A Sea of Confusion: Expert Legal Testimony Adrift in Florida
When addressing issues of domestic law, the general rule is that an expert’s dispositive legal testimony is inadmissible because it invades 1) the province of the court to instruct the jury concerning legal standards, and 2) the competence of the jury to apply the facts to the instructed law.1 However, there are exceptions — albeit ill-defined exceptions — to the recognized rule. This article focuses upon the ongoing confusion with regard to the nature and extent of permissible expert legal testimony.
Sections 90.403, 90.702, and 90.703 of the Florida Evidence Code, along with relevant precedent, form the basis for the rule. In addition, the Florida Supreme Court has recognized that “[t]he Federal Rules of Evidence may provide persuasive authority for interpreting the counterpart provisions of the Florida Evidence Code.”2 For this reason, Fed. R. Evid. 403, 702, and 704(a), their commentary, and germane federal case law provide additional insight.
The admissibility of expert legal opinions is ripe for clarification. While ostensibly applying the same rules, Florida appellate decisions often provide divergent guidance. Therefore, trial courts and practitioners are often left guessing as to the admissibility of expert testimony involving legal issues. One prospective solution is to read §§90.403, 90.702, and 90.703 in pari materia,3 and thereby permit explanatory expert testimony concerning legal issues when it will “assist the trier of fact in understanding the evidence or in determining a fact in issue,”4 and when it does not, merely tell the fact-finder which result to reach.
The trial court exercises broad authority concerning whether to admit expert testimony, and, on appeal, its decision will be reviewed for abuse of discretion.5 However, this deferential standard does not support a blanket refusal to permit expert legal testimony when it 1) is consistent with the applicable law; 2) assists the fact-finder in understanding the issues to be decided; 3) is phrased in such a manner that it does not merely tell the fact-finder how to resolve the issue; and 4) is not unfairly prejudicial, needlessly cumulative, or otherwise confusing or misleading.6 Some Florida decisions have essentially applied this suggested standard, but have not provided comprehensive reasoning. Accordingly, in an appropriate case, the Florida Supreme Court should resolve the issue by recognizing that this framework follows from §§90.403, 90.702, and 90.703, and hold that this standard must be followed.
Abrogation of the “Ultimate Issue” Rule
The common law of evidence recognized the so-called “ultimate issue” rule, which prevented witnesses from expressing opinions concerning the ultimate issues involved in a case.7 The rule’s purported basis was that such testimony would usurp the jury’s fact-finding function.8 However, the rule was exceedingly difficult to apply, and there was no clear standard to separate “ultimate” and “nonultimate” issues. When possible, courts avoided applying the rule.9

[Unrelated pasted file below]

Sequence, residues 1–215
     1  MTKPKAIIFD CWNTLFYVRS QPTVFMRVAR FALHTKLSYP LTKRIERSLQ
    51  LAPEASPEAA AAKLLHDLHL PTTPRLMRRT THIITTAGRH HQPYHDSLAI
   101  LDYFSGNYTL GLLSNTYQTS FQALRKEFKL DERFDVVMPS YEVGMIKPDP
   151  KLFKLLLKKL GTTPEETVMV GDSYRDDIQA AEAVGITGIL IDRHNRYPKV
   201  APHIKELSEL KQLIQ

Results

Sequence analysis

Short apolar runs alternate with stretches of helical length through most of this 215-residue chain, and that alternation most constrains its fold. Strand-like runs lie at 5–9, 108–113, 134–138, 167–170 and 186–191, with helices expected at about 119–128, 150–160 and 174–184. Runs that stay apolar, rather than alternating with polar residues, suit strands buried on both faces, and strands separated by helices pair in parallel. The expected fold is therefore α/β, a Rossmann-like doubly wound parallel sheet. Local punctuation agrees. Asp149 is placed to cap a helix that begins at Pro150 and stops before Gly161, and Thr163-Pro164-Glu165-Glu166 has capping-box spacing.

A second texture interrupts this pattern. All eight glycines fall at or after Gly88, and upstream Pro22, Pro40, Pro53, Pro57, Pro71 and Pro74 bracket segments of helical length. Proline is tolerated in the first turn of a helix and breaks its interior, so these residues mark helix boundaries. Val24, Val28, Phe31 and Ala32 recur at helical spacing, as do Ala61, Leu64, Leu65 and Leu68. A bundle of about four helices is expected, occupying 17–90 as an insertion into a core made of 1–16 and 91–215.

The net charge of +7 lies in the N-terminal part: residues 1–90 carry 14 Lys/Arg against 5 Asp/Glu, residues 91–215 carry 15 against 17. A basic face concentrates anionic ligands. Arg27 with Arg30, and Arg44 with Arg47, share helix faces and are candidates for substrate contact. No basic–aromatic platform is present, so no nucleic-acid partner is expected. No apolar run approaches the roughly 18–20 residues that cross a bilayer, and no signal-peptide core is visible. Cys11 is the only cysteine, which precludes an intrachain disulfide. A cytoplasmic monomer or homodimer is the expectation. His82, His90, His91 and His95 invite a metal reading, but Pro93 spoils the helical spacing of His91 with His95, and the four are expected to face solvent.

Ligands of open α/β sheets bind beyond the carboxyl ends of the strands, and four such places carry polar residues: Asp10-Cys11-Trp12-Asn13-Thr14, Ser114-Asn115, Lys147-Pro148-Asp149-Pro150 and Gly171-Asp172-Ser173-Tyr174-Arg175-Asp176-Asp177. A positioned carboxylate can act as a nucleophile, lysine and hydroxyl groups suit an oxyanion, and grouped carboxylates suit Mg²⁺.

In 1975, the Federal Rules of Evidence were promulgated, and Rule 704 abrogated the “ultimate issue” rule in federal courts.10 The Florida Legislature followed suit in 1976 with its codification of the Florida Evidence Code,11 which the Florida Supreme Court subsequently approved in 1979 “to the extent that [the code’s sections] are procedural.”12 In particular, §90.703 of the code had the same effect as federal Rule 704(a): “Testimony in the form of an opinion or inference otherwise admissible is not objectionable because it includes an ultimate issue to be decided by the trier of fact.”13
Nevertheless, Rule 704(a) and §90.703 do not permit all opinion testimony concerning dispositive issues. For example, the relevant commentary to §90.703 — which is highly similar to that accompanying Rule 704(a) — provides:
The abolition of the “ultimate issue” exclusionary rule does not admit all opinion testimony.. . . Section 90.702 limits expert opinion testimony to circumstances where the trier of fact will be assisted by such testimony in understanding the evidence or determining a fact in issue . Section 90.403 provides for exclusion of evidence for waste of time .
These sections. . . afford ample assurance that the admission of opinions which would merely tell the jury what result to reach will be excluded . In addition, an opinion phrased in terms of inadequately explored legal criteria where there was not a sufficient foundation to show expertise in determining the legal effect of the facts could be excluded. The question, “Did T have capacity to make a will?” could be excluded, while the question, “Did T have sufficient mental capacity to know the nature and extent of his property and the natural objects of his bounty and to formulate a rational scheme of distribution?” would be allowed.14